12 The fullest account of the life and works of Sade is Maurice Lever, Donatien Alphonse François, marquis de Sade (Paris: Fayard, 1991). For a stimulating essay, see Angela Carter, The Sadeian Woman and the Ideology of Pornography (New York: Pantheon, 1979).
13 A recent account of this much-discussed individual and her circle appears in Jeffrey Merrick, “The Marquis de Villette and Mademoiselle Raucourt: Representations of Male and Female Sexual Deviance in Late-Eighteenth Century France,” in Jeffrey Merrick and Bryan T. Ragan, Jr., eds., Homosexuality in Modern France (New York: Oxford University Press, 1996), pp. 30-53.
14 Together with one of the Raucourt items, English renderings of these two pamphlets (heavily abridged) appear in Mark Blasius and Shane Phelan, eds., We Are Everywhere: A Historical Sourcebook of Gay and Lesbian Politics (New York: Routledge, 1997), pp. 39-47.
15 Still helpful as an introduction to this protean theme is Arthur O. Lovejoy, “‘Nature’ as Aesthetic Norm,” in his Essays in the History of Ideas (Baltimore: Johns Hopkins Press, 1948), pp. 69-77.


Tuesday, August 17, 2010

Early Medieval Triad (bonus piece)


As a rule triadic schemes are subtler and more revealing than dichotomies (“binaries”), a methodological principle brilliantly theorized by the anthropologist Claude Levi-Strauss. Yet C. R. Morey’s scheme trichotomizing the sources of medieval art requires much adaptation and updating; as it is, it will not serve.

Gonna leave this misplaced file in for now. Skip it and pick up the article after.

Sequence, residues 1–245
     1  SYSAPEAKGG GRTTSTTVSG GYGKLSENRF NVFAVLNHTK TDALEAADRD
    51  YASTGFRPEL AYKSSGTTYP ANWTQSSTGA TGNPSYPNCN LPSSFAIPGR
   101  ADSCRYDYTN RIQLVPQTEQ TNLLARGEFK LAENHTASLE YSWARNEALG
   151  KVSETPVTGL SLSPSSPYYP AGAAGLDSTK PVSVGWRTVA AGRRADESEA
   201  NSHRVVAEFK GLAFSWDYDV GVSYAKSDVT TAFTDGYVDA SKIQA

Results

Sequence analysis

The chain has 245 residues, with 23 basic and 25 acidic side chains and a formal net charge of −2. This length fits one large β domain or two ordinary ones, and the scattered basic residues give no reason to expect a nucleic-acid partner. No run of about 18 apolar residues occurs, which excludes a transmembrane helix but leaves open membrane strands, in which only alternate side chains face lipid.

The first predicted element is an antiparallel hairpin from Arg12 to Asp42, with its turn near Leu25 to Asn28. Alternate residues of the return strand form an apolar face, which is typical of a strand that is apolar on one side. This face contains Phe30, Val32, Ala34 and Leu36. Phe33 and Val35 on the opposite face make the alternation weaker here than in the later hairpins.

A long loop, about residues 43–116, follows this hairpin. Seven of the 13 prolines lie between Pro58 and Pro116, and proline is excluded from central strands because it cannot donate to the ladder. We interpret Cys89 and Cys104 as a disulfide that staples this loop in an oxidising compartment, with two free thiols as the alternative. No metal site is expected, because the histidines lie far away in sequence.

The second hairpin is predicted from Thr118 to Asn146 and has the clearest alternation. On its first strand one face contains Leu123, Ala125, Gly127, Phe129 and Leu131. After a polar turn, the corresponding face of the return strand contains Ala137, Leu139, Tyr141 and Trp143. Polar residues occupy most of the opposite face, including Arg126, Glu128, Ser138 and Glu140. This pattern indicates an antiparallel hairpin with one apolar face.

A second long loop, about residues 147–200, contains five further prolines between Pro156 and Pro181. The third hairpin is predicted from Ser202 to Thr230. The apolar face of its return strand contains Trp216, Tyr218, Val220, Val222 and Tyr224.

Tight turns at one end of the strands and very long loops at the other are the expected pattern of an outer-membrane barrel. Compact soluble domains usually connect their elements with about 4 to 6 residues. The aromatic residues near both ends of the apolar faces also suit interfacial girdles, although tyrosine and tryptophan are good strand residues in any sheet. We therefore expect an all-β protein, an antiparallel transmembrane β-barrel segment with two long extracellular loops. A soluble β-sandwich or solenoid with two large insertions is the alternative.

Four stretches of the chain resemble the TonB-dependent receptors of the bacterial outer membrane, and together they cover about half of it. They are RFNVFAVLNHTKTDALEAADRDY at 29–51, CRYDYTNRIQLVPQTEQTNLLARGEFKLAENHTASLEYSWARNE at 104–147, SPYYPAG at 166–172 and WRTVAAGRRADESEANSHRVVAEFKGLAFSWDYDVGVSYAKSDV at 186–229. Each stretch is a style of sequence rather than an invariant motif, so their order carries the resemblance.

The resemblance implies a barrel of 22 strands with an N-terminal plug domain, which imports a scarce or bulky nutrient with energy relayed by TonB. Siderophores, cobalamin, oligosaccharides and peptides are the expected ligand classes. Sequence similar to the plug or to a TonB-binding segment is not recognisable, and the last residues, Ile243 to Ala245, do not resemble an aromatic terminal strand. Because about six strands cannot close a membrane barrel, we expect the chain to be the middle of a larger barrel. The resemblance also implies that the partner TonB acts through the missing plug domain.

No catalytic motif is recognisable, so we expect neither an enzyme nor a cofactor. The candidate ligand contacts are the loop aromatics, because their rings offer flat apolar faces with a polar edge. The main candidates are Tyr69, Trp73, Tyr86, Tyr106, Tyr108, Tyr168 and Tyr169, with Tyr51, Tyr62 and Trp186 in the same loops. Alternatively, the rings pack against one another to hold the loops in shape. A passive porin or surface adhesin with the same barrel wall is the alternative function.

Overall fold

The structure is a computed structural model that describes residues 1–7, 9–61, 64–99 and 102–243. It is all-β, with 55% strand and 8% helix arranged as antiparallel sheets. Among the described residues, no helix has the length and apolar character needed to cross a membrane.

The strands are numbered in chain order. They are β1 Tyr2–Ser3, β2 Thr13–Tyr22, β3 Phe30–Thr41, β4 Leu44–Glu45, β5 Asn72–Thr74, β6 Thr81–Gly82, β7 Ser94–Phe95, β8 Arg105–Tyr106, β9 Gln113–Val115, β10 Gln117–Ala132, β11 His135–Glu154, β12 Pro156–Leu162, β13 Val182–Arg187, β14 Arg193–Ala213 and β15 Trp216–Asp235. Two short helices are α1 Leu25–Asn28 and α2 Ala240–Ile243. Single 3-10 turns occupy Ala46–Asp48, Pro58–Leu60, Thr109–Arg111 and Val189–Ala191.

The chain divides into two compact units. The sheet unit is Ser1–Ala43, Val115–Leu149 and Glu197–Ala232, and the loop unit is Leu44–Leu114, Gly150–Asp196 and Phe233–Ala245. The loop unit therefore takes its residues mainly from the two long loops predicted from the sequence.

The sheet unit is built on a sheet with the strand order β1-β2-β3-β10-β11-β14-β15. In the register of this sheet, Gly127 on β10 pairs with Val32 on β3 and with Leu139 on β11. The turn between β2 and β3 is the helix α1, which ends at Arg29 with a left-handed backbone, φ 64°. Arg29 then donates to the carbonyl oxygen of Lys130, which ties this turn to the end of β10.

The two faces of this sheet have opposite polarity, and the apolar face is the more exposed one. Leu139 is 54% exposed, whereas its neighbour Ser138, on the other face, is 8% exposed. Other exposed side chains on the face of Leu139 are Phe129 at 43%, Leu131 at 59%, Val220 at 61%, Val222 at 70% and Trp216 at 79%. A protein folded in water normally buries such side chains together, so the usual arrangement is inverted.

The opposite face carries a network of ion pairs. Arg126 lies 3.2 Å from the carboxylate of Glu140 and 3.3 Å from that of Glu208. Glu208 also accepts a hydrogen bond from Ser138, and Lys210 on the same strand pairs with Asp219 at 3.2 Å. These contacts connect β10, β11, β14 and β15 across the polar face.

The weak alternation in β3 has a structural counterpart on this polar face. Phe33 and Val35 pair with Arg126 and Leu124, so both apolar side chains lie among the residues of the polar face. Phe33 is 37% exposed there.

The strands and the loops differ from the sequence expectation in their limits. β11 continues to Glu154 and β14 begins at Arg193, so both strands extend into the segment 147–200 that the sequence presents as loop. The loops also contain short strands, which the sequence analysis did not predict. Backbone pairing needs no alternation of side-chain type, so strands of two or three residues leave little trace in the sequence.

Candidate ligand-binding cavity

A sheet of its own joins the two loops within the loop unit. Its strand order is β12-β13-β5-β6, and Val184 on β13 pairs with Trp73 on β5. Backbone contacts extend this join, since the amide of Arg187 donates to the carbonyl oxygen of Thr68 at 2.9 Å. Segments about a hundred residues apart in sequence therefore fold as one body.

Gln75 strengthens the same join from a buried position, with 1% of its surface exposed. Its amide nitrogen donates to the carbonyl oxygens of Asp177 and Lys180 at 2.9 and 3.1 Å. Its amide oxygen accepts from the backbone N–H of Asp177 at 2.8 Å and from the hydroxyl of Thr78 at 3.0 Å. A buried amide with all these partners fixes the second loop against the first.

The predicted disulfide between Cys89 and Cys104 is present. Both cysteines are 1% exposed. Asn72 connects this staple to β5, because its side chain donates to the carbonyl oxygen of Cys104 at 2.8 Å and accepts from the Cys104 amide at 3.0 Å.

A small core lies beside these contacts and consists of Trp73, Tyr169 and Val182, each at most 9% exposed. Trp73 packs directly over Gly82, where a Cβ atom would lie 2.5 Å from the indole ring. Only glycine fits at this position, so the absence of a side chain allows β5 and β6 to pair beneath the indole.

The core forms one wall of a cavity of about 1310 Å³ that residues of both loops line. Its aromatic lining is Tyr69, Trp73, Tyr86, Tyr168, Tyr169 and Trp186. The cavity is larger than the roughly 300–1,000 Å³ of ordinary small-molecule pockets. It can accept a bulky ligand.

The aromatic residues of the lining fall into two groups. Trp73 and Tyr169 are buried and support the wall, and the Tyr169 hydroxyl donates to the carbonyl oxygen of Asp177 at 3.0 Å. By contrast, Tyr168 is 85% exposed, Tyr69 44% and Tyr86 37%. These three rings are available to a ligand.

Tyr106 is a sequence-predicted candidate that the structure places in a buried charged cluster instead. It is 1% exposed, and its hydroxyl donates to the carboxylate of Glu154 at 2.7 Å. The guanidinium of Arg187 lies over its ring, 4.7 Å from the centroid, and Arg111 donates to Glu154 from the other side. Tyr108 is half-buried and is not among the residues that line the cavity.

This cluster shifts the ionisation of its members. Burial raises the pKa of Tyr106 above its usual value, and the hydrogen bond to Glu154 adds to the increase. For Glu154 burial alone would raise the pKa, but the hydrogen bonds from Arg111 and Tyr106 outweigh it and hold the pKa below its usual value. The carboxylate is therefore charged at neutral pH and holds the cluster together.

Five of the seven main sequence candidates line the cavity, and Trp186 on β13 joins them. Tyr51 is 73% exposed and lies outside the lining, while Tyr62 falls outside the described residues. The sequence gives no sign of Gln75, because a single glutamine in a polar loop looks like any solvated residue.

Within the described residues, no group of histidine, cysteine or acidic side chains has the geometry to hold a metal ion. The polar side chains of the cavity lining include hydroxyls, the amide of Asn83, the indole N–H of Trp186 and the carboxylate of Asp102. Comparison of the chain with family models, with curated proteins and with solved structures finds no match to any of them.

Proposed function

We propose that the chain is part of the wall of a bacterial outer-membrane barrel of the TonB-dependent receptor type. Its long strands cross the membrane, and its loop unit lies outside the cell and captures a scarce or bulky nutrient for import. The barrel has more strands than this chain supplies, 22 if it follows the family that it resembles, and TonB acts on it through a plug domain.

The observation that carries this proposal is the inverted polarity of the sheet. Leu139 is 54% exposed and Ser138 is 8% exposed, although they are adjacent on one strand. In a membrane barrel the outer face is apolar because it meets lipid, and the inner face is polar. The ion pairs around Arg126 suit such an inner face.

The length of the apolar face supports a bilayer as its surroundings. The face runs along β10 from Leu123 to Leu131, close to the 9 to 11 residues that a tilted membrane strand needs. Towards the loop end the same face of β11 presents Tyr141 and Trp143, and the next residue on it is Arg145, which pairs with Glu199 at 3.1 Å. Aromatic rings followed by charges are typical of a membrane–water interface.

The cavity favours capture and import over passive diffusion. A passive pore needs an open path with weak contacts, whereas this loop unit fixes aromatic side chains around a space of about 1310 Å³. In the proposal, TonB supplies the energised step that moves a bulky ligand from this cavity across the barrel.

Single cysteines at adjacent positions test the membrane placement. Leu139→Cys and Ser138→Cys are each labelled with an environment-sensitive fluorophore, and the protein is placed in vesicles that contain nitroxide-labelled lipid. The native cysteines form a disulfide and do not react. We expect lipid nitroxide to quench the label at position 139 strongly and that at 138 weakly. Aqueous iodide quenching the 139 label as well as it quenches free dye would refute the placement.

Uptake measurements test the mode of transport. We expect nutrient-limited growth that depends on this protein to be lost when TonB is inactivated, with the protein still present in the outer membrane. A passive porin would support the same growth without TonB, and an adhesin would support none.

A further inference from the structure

Clearly the racial explanation fails. If, in pharaonic Egypt, the collective DNA (so to speak) dictated the convention of fractional representation (in which heads appear in profile), how could a very similar DNA pool generate the opposite practice: heads presented frontally? In a different part of the world, scholarly attempts (e.g. by N. Pevsner) to stipulate regularities governing the volatile record of English art (“Englishness”) have failed, even though the population pool has changed very little.

Setting aside improbable theories of racial constants, we are on firmer ground with language and religion. In the ancient Middle East most of the dominant languages were Afro-Asiatic, as distinct from the Indo-European tongues of Greece and Rome. This difference tended to set those speakers apart from the Greco-Roman ruling circles. In the Early Christian period another contrast emerged, as the Syrians became Nestorians and the Egyptian Copts Monophysite, while Greek and Roman speakers remained orthodox Catholics. Yet what is the connection between these three elements—language, religion, and art? Taking a leaf from the study of modern ethnic groups, some contemporary historians have posited that these elements fused synergetically to make up a pattern of resistance. “Deviant” cultural expression served as a marker for group solidarity. Compare the role of hip-hop in today’s African American culture. Of course such phenomena are always subject to coopting, but that propensity helps to explain the spread of Middle Eastern artistic conventions through the whole panoply of medieval lands.

In examining our data, the form of the objects demands the closest scrutiny. We must dust off that often disparaged tool of study—style analysis. A side glance at modern youth, with its preferences for distinctive clothing and music, shows that for the participants style does indeed matter. It is style that sets “our crowd” off from the others, whether they be “lames” or “the man.”